At this time more attention than ever before was given to the decoration of interiors, a result of the development of court ceremonial and elaboration of costume. For these magnificent affairs it was natural that harmonious architectural backgrounds should be required; so the architect becomes artist, decorator, and furniture designer as well as constructor.
The self-restraint that we observed in the exterior decoration of this time is also seen in the embellishment of the interiors. Ornament was centred or grouped with due regard to the value of plain surfaces. The moldings that made lines of separation between dado, wall, and cornice were strengthened and ornamented on the corners, with scrolls in place of the earlier and more masculine square block, against which the panel molding ended abruptly.
The tapestry decoration of earlier reigns largely gives way to wood-panelled walls, frequently finished in white and gold. There is a nice sense of contrast and proportion shown in the treatment of these interiors which marks the advance in the art. Squares and circles are rarely used, because these forms lack the contrast of oblongs and ovals, and when they are used the geometric line is ingeniously broken with ornamentation. This is carried further in the grouping of panels, the panels of the dado being used horizontally, for instance, and those of the wall vertically, so as to give variation in the mass as well as in the units.
In the plan of the rooms also there is the same regard for proportion and balance. The fireplace was placed in the middle of the wall, making a focal centre, and was richly ornamented with mirrors and carved panels, the sides always balancing. Doorways no longer appear at haphazard, but are designed to balance a corresponding door. If a door must be out of balance it is made secret, cutting invisibly through panels and dadoes, so as not to break the composition.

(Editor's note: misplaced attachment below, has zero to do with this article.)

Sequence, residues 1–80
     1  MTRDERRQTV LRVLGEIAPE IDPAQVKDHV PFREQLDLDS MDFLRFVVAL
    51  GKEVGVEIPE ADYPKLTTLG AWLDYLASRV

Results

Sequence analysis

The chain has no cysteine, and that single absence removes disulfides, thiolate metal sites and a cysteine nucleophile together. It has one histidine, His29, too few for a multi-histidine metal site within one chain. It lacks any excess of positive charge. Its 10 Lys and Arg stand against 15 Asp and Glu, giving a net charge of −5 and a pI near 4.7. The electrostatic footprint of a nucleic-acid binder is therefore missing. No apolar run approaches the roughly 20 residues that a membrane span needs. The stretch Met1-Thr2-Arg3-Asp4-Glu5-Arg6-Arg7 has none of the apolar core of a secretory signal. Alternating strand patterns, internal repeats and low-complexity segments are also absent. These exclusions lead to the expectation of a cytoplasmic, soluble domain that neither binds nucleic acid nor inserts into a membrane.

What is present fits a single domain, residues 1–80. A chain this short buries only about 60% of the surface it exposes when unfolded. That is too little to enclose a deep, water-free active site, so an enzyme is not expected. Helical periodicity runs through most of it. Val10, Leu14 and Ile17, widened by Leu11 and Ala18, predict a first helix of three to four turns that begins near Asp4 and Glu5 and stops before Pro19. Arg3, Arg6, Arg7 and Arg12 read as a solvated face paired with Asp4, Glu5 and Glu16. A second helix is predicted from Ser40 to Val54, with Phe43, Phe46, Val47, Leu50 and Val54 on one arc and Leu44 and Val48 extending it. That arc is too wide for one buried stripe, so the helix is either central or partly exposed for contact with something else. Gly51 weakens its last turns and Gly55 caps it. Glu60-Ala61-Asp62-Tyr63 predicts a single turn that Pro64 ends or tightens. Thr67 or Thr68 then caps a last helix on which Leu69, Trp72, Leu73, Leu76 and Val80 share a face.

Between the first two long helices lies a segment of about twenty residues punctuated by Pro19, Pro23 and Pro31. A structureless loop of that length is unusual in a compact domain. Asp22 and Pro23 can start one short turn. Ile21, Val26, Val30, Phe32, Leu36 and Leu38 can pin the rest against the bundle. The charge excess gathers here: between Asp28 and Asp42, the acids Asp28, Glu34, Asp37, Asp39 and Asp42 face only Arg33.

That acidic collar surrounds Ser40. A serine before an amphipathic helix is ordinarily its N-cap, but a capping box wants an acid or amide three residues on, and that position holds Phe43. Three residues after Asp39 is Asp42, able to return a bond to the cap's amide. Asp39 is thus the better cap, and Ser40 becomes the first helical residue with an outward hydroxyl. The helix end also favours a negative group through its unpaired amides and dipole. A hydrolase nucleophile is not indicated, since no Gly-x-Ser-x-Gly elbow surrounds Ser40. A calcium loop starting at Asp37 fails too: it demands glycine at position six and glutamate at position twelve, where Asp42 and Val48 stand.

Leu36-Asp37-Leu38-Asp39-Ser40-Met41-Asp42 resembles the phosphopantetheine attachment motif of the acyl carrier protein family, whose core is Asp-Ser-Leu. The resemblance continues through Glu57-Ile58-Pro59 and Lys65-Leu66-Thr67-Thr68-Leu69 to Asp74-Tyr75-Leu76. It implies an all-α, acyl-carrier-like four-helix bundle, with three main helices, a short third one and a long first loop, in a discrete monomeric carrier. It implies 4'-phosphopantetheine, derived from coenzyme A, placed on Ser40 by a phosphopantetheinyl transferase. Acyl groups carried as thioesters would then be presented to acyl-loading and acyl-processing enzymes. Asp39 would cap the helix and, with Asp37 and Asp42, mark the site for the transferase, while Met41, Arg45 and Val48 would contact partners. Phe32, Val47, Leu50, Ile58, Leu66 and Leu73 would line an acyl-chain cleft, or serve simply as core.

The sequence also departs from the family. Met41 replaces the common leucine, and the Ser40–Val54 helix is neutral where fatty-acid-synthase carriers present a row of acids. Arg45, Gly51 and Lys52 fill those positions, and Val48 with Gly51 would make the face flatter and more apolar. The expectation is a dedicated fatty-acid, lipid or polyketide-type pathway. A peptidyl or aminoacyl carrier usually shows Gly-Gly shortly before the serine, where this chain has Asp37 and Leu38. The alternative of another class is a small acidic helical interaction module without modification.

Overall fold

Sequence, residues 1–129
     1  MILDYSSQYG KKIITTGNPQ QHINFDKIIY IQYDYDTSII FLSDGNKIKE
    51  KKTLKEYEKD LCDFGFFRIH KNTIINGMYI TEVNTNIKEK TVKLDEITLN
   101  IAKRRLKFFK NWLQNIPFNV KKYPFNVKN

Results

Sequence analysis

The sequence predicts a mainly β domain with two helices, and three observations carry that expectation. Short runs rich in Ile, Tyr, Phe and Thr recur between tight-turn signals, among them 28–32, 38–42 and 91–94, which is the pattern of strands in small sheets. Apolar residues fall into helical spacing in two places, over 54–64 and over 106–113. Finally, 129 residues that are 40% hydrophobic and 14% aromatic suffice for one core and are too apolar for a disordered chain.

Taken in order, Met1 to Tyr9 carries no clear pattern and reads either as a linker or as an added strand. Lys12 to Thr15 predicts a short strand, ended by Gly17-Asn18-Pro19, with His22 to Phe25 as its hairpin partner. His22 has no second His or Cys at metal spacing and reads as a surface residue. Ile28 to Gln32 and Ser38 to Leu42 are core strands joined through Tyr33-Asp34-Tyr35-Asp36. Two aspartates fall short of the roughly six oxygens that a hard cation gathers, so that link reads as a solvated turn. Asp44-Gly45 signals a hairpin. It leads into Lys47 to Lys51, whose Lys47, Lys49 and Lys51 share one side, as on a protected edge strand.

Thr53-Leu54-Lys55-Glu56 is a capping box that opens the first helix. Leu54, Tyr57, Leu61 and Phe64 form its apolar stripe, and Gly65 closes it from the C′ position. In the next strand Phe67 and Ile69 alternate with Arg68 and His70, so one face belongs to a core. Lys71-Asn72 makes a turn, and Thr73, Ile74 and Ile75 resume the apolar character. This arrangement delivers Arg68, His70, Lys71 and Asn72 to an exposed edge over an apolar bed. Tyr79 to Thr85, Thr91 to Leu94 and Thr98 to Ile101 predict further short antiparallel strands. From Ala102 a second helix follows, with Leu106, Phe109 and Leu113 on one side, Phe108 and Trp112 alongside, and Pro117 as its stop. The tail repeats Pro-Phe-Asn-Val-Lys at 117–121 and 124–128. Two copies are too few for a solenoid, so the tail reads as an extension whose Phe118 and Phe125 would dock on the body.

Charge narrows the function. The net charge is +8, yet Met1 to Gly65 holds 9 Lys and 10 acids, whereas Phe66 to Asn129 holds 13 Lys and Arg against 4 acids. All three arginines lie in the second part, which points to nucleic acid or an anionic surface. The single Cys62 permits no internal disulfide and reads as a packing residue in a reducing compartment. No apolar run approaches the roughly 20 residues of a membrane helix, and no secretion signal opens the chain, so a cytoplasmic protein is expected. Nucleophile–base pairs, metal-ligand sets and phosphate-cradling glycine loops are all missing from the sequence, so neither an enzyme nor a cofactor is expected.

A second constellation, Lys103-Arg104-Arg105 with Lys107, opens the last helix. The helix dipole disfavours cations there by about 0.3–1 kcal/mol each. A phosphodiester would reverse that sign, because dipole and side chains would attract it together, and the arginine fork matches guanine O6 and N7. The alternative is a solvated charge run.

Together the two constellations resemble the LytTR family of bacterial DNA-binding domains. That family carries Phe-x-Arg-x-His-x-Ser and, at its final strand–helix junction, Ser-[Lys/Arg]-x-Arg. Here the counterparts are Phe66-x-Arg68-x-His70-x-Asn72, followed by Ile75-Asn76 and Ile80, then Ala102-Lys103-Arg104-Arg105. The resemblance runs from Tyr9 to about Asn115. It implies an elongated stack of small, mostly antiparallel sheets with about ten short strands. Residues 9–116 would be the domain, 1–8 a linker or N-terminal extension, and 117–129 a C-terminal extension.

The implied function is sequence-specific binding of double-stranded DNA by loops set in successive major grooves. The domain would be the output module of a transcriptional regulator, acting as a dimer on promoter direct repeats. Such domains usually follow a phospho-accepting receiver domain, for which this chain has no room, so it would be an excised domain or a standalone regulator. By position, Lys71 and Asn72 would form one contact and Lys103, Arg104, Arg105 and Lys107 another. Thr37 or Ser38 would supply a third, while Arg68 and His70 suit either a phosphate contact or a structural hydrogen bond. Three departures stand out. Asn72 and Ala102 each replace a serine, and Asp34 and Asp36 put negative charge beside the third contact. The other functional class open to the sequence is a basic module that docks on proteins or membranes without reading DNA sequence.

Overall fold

The planning of the interior of the building is also symmetrical, room balancing room in equal proportion of size or "weight," even when it is necessary to sacrifice utilitarian requirements. This is in strong contrast to the rigid utilitarianism of the admirable thirteenth-century Gothic.
This system of symmetrical designing, which is one of the keynotes of the Renaissance, has come down to us almost as unyielding, as it was at that time. It applies to all architectural ornament from the balancing of the main wings of a great building to the smallest added feature of a delicate molding.
Even more exacting are these laws of balance and pro-portion as applied to texture or surface, to material, to the graining of woods, the intensity and quality of colors, the use of gold for sharpness and contrast, the degree of thinness or depth of raised designs, of applied pictures and tapestries, and the weight and openness of the furniture and accessories of the room.
These laws were a legacy from the Romans, rediscovered after their extinction in the monasteries and the lodges of the Freemasons. Now they became codified through the activities of the Ecole des Beaux Arts, or College of Architects, and from mysteries became public property of recognized authority.
The use of the styles of Louis XIV., XV., and XVI., or "Quatorze," "Quinze," and "Seize," to give them their familiar French appellations, for furniture and decorations in this country has made them the three best-known styles, by name at least. Most of the product of our furniture factories is adapted from this period, and a great majority of our Renaissance buildings may be traced to a parentage within these three reigns in France. Their differentiation is rather an intricate matter, so intermingled have their interpretations become under the irreverent hand of the manufacturers. Even the parent French products have so much in common that it would be outside the field of this book to give anything like a complete exposition of the styles. It is sufficient to understand the human characteristics that underlie all three and to define their essential differences on this general basis.
Of monumental buildings in America a majority are in the more restrained style of Louis XVI., the characteristics of which are reviewed in the next chapter. There are, in fact, few notable examples of the other two, while of this one the new Public Library in New York is but one of the many striking and typical examples, designed from the book, and very dry, simply because the designers have failed to comprehend the human characteristics which lie behind the creation of the original style.